Does IL28B genotyping still have a role in the era of direct-acting antiviral therapy for chronic hepatitis C infection?

Authors

  • J. A. Holmes,

    1. Department of Gastroenterology, St, Vincent's Hospital, University of Melbourne, Fitzroy, Victoria, Australia
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  • P. V. Desmond,

    1. Department of Gastroenterology, St, Vincent's Hospital, University of Melbourne, Fitzroy, Victoria, Australia
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  • A. J. Thompson

    Corresponding author
    1. Victorian Infectious Diseases Reference Laboratory, North Melbourne, Vic., Australia
    2. Department of Gastroenterology, Duke University Medical Center, Duke Clinical Research Institute, Durham, NC, USA
    • Department of Gastroenterology, St, Vincent's Hospital, University of Melbourne, Fitzroy, Victoria, Australia
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Correspondence: Dr Alexander Thompson, MBBS, PhD, FRACP, Head of Hepatology Research, Department of Gastroenterology, St Vincent's Hospital Melbourne, 35 Victoria Parade, Fitzroy 3065, Vic., Australia. E-mail: alexander.thompson@svhm.org.au

Summary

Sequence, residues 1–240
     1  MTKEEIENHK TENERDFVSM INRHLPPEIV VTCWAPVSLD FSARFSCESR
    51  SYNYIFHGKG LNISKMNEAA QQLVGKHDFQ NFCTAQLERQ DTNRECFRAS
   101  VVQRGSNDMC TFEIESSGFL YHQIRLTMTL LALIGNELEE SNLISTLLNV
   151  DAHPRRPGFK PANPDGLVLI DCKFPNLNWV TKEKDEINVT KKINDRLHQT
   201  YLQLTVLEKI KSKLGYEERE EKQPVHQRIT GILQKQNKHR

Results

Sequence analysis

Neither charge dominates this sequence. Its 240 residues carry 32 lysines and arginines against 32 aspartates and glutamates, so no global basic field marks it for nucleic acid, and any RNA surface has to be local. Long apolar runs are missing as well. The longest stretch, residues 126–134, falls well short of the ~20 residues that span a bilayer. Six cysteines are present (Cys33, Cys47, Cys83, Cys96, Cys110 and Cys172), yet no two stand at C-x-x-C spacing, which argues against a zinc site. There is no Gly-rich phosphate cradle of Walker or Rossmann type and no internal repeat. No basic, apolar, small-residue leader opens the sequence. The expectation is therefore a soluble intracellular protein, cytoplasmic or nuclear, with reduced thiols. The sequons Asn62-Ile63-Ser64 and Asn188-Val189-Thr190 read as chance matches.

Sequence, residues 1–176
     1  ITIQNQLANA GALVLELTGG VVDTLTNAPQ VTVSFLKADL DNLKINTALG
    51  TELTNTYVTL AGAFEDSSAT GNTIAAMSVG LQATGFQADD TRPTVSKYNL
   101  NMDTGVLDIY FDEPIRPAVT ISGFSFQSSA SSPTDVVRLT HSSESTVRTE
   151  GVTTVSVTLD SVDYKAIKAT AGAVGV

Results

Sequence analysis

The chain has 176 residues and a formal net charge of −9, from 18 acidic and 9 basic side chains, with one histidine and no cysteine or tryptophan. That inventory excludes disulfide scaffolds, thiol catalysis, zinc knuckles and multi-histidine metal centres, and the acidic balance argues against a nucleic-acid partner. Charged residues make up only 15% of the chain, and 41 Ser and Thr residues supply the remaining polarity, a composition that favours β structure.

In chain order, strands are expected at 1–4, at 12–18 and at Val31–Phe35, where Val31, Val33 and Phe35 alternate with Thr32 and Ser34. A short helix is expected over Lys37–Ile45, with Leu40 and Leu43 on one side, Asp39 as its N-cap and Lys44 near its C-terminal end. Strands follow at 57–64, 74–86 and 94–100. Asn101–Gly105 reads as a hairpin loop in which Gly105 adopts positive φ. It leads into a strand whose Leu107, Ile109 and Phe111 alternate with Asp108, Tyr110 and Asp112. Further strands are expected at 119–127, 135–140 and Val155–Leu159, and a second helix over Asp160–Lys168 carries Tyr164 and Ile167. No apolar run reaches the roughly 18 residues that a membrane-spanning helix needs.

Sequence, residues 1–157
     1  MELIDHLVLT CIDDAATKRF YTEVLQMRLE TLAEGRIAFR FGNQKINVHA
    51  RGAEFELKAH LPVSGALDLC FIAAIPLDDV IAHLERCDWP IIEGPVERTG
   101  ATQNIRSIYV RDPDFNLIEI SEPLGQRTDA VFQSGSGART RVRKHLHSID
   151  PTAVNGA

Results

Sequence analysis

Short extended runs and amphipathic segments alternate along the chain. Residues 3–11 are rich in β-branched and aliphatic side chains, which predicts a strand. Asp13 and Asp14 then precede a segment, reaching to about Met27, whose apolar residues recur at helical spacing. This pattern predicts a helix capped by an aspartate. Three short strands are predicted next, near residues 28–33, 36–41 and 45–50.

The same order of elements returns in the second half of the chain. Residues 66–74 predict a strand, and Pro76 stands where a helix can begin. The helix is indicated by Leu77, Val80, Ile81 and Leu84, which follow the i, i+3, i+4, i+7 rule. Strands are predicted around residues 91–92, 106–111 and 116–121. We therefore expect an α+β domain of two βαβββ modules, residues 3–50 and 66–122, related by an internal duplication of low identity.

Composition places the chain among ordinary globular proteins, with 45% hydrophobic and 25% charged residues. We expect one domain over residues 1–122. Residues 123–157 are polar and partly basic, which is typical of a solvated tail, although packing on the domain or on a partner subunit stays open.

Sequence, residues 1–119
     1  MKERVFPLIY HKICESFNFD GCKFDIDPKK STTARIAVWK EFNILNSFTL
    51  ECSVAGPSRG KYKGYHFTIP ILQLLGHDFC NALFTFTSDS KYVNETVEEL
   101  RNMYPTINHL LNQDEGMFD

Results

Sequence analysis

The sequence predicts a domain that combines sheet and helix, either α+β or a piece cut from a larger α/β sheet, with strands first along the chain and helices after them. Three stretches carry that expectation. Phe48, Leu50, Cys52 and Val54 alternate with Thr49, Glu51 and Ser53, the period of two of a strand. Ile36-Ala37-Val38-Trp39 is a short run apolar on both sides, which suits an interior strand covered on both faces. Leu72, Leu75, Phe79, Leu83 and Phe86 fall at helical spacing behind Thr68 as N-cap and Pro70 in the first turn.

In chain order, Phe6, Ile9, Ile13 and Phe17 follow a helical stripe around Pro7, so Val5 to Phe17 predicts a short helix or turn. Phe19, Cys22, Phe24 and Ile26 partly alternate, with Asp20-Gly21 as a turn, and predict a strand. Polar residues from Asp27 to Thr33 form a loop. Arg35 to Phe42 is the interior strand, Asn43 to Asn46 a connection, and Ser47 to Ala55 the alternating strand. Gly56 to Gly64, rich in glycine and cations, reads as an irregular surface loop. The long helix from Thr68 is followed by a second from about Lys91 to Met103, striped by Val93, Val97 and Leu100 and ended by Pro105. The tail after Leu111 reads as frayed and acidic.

IL28B genotype has been shown to be the strongest pretreatment predictor of sustained virological response (SVR) in patients with genotype 1 chronic hepatitis C infection (CHC) treated with pegylated interferon (peg-IFN) and ribavirin (RBV). Patients carrying the good response genotype have a two- to threefold higher chance of SVR than those with a poor response genotype, manifest as dramatically improved early viral kinetics. However, the treatment paradigm for CHC is changing with the introduction of potent direct-acting antivirals (DAAs). IL28B genotype remains relevant to both telaprevir and boceprevir treatment regimens, although the strength of association with virological response is attenuated. The association between IL28B genotype and outcomes of treatment regimens that involve peg-IFN plus combination DAA therapy, or IFN-free regimens, is currently being evaluated. IL28B genotype may remain relevant to individualizing the choice of treatment regimen in the future.

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